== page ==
• Decision-making, risk management, and judgement: Enhance your ability to assess risks, make informed decisions, and manage group dynamics during technical river trips. Our goal is to give you the tools to exercise excellent judgement.
  • The three -tions: Learn why you must cover the three -tions with a group you’re guiding before entering any Class 2 or above rapids. The three -tions: communication, navigation, and protection.

By covering these essential topics, the Maine Canoe River Guide Training program aims to provide participants with the knowledge and skills necessary to confidently and safely navigate technical rivers, whether as a professional guide or a recreational paddler. Remember, if you fell you are not experienced enough to do the Maine Canoe River Guide Training, you can start by taking our Intro to Whitewater Canoeing Clinic.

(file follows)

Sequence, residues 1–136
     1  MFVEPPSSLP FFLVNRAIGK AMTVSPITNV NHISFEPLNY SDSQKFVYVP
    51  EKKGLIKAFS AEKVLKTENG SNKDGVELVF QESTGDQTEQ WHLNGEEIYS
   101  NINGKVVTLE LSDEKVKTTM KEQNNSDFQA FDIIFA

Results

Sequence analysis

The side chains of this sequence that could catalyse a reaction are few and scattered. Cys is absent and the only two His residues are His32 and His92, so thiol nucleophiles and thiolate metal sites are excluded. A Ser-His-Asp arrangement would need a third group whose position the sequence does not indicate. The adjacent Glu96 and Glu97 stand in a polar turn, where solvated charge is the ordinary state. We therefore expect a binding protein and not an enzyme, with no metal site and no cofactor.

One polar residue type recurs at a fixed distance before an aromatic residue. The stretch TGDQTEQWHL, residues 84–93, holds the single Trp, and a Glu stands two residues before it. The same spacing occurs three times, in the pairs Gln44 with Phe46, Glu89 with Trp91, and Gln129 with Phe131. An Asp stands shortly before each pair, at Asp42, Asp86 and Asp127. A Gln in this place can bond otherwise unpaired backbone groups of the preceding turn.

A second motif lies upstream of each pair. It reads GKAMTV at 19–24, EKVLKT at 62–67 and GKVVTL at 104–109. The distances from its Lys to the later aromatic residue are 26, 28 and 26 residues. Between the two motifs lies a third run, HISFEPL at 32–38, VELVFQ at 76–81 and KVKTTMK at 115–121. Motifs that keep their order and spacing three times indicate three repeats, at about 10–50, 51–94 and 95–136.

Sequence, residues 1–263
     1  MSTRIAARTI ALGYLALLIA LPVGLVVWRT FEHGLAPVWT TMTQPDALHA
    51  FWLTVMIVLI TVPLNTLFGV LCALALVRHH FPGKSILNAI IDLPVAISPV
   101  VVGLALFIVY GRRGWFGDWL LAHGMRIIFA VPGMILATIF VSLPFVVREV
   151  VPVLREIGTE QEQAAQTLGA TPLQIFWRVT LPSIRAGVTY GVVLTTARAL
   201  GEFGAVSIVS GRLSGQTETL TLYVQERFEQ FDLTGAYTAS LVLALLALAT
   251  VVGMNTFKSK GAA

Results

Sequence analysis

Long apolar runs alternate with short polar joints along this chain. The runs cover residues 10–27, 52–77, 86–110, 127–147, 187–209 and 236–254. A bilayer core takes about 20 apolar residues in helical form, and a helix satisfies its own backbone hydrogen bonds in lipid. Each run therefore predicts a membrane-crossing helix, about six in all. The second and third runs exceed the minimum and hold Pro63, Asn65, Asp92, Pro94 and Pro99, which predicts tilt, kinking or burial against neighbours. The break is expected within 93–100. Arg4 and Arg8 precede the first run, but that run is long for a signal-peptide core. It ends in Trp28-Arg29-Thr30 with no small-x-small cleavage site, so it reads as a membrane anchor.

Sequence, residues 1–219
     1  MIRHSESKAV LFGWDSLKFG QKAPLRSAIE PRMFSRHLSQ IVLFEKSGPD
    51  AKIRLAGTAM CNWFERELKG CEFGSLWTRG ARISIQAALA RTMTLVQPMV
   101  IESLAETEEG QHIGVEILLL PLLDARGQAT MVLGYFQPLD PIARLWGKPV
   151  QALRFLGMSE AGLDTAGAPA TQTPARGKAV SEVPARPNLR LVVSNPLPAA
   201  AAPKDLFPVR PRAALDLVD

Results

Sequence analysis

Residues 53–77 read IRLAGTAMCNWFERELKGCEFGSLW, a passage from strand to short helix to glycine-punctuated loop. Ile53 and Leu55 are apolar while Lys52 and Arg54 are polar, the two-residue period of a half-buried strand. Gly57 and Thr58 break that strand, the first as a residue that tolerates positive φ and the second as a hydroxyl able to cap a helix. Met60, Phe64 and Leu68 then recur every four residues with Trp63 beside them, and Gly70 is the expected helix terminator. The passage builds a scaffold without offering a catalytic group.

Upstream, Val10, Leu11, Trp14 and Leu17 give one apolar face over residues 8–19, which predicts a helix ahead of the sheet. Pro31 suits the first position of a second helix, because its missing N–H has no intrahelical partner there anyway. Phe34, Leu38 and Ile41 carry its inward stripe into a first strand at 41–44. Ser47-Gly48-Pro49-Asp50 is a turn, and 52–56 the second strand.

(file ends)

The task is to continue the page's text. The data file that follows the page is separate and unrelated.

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Course Curriculum

Day 1

11 a.m. Meet at Grindstone Falls.

Afternoon: equipment, canoe outfitting, self rescue, group management, review & practice ferries, eddy turns, peel outs.

Camp – Oxbow.

Day 2

More of the above.

Scouting, reading rapids, paddle signals, t bag protection, navigation, communication in rapids, lining, portaging techniques, approaching portages.

Camp – Grand Pitch.

Day 3

More of Day 2 topics plus poling on Wassataquoik Stream.

Camp – Bowlin Falls.

Day 4

Paddle/pole to Grindstone Falls.

Camp – Grindstone Falls.

Day 5

Run Grindstone Falls after scouting.

Off river at noon.

Drive back to Grindstone Falls and picnic area by mid afternoon.